Americans for Prosperity

Americans for Prosperity is one of the top 15 dark money groups examined by Issue One’s new “Dark Money Illuminated” report that has been spending millions of dollars in our elections since Citizens United without publicly disclosing their donors. Dark money groups frequently operate as attack dogs during campaigns, criticizing candidates from the shadows. Dark money groups also often push the envelope in terms of how much political spending they can engage in without running afoul of rules that prohibit them from existing primarily to influence elections. By masquerading as a trade association or “social welfare” nonprofit, dark money groups avoid the mandatory donor disclosure rules that would come with registering as a political committee whose primary purpose is to influence elections.

Here’s what Issue One’s year-long “Dark Money Illuminated” investigation revealed:

Americans for Prosperity raised

$398 million

between January 2010 and December 2016.

Issue One identified


donors to this dark money group.

These donors collectively accounted for


of its funding.

Issue One found 9 donors that gave at least $100,000 since January 2010:

Freedom Partners Chamber of Commerce: $140 million

American Encore (formerly Center to Protect Patient Rights): $14 million

TC4 Trust: $1.4 million

Alliance for a Free Society: $430,000

NCTA – The Internet and Television Association (formerly the National Cable and Telecommunications Association): $240,000

Pharmaceutical Research and Manufacturers of America (PhRMA): $190,000

Cornerstone Policy Research Action (CPR Action): $150,000

Education Freedom Alliance: $120,000

American Energy Alliance: $100,000

Note: These numbers have been rounded to two significant figures. Click here to see more details about these contributions — and all identified donors to this group — in Issue One’s exclusive database of dark money donors, and click here to learn more about how these contributors were identified. 

Source: Issue One analysis of data from the Center for Responsive Politics and Federal Election Commission.

Americans for Prosperity self-reported to the IRS that

of its total spending was related to political campaign activities

It also told the FEC that


of its political spending was negative

About Americans for Prosperity

Founded in March 2004 as a 501(c)(4) “social welfare” organization, Americans for Prosperity is the flagship of the political network of billionaire industrialists Charles and David Koch, the latter of whom was the Libertarian Party’s vice presidential nominee in 1980. Americans for Prosperity grew out of another group formed by the Koch brothers, Citizens for a Sound Economy, which split due to internal disagreements.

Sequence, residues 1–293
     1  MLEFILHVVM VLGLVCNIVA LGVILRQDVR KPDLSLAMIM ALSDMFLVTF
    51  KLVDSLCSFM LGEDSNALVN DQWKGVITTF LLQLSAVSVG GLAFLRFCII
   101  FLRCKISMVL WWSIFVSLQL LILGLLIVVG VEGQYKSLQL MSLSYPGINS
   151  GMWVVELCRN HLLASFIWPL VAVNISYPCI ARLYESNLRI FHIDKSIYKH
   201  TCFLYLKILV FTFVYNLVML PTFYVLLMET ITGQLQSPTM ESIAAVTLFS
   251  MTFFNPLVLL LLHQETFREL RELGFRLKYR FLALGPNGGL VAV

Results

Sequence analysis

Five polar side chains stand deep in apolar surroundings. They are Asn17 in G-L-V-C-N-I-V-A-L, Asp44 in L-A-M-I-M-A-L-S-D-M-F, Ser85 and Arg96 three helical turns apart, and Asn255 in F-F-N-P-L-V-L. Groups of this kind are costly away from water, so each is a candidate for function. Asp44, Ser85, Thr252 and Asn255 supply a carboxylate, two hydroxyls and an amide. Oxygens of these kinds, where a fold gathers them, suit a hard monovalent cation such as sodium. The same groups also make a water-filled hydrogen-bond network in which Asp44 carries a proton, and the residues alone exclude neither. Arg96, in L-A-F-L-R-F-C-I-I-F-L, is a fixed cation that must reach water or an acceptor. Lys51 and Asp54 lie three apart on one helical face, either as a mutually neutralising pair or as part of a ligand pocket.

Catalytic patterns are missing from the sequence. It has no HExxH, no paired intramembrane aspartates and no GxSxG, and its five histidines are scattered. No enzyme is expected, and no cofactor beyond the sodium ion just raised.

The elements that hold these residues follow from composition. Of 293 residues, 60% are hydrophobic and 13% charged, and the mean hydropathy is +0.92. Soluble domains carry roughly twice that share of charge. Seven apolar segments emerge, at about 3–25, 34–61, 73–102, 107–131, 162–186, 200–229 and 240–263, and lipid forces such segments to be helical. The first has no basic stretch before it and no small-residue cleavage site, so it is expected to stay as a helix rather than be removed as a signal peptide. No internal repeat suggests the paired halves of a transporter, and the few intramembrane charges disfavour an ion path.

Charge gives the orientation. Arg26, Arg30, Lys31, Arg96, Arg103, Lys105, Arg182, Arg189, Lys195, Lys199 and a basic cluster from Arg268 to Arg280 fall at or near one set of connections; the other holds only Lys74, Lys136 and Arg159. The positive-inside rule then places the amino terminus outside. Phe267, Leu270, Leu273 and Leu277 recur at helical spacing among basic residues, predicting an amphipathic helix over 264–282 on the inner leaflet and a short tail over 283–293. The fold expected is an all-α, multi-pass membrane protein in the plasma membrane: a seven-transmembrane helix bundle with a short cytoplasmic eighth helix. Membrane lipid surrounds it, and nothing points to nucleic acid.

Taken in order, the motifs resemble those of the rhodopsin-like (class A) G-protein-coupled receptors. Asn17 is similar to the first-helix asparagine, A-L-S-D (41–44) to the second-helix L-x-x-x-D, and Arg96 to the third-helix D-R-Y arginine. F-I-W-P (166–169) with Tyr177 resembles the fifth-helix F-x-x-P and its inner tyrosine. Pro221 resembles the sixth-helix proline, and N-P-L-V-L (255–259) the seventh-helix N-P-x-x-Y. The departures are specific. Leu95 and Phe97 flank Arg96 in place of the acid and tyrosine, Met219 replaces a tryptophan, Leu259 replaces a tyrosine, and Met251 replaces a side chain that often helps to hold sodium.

In 2009 and 2010, Americans for Prosperity was deeply involved in mobilizing voters and helping elect the wave of tea party-aligned Republicans that helped the GOP win 63 seats and control of the U.S. House of Representatives in 2010. Americans for Prosperity currently operates a national office as well as chapters in 36 states to promote its vision for “economic freedom.”

Based on its vast resources and infrastructure, the Washington Post once referred to Americans for Prosperity as “America’s third-biggest political party.” The group hosts semi-annual, invitation-only summits for conservative political donors, which are often attended by lawmakers and candidates.

Tim Phillips, a veteran political strategist who once served as the chief of staff to Rep. Bob Goodlatte (R-VA), has been the president of Americans for Prosperity since 2006. In 2017, Emily Seidel, a strategist in the Koch network for years, was appointed as Americans for Prosperity’s CEO.

Much of the money known to have funded Americans for Prosperity has come from three groups that have acted as financial hubs for the Koch brothers’ political network over the years: the Freedom Partners Chambers of Commerce, TC4 Trust and the Center to Protect Patient Rights (now known as American Encore), each of which has made large grants to Americans for Prosperity, as well as a number of other politically active nonprofit groups.